Mitt Romney is the establishment candidate in the Republican presidential field. Everyone knows it.
Of course, there’s this one pesky fact: The GOP establishment, such as it is, had largely sat on its collective hands in the race so far — content to let Romney and the rest of the field duke it out, even as polling suggests that President Obama is gaining strength.
All that might have started to change for Romney on Sunday, however, as House Majority Leader Eric Cantor, a leading opponent of Obama and the closest thing in congressional leadership to a tea party leader, jumped off the fence and got behind the former Massachusetts governor.
Cantor is the first member of the Republican congressional leadership to choose a candidate. (Romney won the endorsement of another well-known conservative on Sunday when Oklahoma Sen. Tom Coburn backed him.)
Romney has long led in the endorsement chase among members of Congress and senators. Including Coburn, Romney now has the endorsement of 16 senators and 67 House members, according to a chart compiled by Roll Call. Former House Speaker Newt Gingrich is next, with 11 House and Senate endorsements, while former Pennsylvania senator Rick Santorum has the backing of just four House members.
But with a few exceptions — Sens. John McCain (Ariz.) and John Thune (S.D.) being two — most of Romney’s endorsements from congressional leadership have been of the backbench variety. They’re nice to have, but they have little practical impact on the race. Senate Minority Leader Mitch McConnell (Ky.) has stayed silent. So too have tea party Sens. Jim DeMint (S.C.) and Marco Rubio (Fla.).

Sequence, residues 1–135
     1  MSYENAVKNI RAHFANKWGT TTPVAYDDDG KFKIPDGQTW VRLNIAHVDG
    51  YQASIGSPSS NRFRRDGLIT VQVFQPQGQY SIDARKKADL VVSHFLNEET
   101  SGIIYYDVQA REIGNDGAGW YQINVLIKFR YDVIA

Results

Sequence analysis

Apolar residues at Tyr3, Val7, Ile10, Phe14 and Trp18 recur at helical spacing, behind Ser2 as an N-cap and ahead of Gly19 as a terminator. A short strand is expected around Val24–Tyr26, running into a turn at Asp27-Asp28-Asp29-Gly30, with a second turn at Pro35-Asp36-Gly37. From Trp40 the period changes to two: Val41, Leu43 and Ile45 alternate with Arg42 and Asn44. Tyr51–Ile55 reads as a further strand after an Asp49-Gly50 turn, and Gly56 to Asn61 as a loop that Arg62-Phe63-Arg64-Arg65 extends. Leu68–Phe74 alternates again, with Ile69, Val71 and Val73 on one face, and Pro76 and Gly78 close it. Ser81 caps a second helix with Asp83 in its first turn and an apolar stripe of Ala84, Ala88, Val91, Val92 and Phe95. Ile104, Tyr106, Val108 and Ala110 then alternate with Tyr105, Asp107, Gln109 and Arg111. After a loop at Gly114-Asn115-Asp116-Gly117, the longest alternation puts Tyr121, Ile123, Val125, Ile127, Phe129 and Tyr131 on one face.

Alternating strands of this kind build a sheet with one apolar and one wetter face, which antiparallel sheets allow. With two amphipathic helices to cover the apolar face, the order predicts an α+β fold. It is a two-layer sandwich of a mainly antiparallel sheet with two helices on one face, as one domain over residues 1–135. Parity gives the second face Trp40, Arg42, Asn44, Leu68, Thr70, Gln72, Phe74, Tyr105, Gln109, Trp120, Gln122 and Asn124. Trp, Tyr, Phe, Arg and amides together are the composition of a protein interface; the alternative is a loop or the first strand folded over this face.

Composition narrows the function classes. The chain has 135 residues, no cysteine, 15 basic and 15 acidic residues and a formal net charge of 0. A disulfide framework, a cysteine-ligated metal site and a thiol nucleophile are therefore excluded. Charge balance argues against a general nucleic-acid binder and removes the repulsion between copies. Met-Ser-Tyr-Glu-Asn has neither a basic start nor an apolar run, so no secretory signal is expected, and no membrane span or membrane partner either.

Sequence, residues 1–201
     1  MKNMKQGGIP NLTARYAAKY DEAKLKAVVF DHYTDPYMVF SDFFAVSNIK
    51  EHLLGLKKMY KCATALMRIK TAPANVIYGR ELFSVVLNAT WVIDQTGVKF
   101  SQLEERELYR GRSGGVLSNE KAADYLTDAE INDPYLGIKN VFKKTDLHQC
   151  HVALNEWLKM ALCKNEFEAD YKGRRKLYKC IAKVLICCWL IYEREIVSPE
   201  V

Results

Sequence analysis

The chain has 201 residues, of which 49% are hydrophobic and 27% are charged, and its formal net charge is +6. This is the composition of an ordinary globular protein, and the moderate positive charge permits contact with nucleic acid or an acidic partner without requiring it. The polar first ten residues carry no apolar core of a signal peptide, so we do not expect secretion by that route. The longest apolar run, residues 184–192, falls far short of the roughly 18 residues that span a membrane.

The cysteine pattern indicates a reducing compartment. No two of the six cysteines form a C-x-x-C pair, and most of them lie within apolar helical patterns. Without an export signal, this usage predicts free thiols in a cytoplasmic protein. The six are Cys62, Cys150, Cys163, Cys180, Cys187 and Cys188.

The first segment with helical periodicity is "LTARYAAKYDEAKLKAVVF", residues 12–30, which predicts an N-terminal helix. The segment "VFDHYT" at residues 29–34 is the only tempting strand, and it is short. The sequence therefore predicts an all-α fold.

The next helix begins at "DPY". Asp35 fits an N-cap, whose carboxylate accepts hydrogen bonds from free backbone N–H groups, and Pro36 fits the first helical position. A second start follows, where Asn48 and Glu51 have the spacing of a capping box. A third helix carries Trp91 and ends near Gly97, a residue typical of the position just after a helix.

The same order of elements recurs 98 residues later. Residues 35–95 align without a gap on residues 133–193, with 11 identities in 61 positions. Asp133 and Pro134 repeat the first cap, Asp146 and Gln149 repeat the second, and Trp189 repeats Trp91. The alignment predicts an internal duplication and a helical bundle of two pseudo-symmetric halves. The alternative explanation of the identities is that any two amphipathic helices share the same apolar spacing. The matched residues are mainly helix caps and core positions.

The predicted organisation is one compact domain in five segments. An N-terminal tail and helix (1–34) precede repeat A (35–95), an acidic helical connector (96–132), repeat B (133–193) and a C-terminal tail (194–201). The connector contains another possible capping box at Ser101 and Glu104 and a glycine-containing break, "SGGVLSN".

Romney also has 10 governors supporting his campaign. New Jersey Gov. Chris Christie is a genuine Republican star and a major get for Romney, but the likes of Indiana Gov. Mitch Daniels and former Florida governor Jeb Bush have stayed on the sidelines.
Why haven’t the major establishment figures in the party lined up behind Romney up until now? A variety of reasons — some of which are undoubtedly personal.
But, the biggest one is that the last thing any politician wants to do in this fervently anti-incumbent, anti-status quo environment is make it look as though they are playing an active role in circumventing the wishes of Republican voters. Why stick your neck out for a guy who might not even be the nominee?
Cantor’s endorsement may well be a leading indicator that the party poobahs — such as they are — have decided that the primary fight has gone on long enough and the time has come to unify behind Romney and begin to focus full-time on beating Obama.
Much will depend on how Romney fares on Super Tuesday. It’s not hard to imagine that if Romney wins in Ohio tomorrow that House Speaker John Boehner, who holds an Ohio House seat, might feel as though now is the time to get behind the frontrunner. Boehner’s office didn’t return an e-mail on Sunday seeking comment on the speaker’s thinking in regards to an endorsement.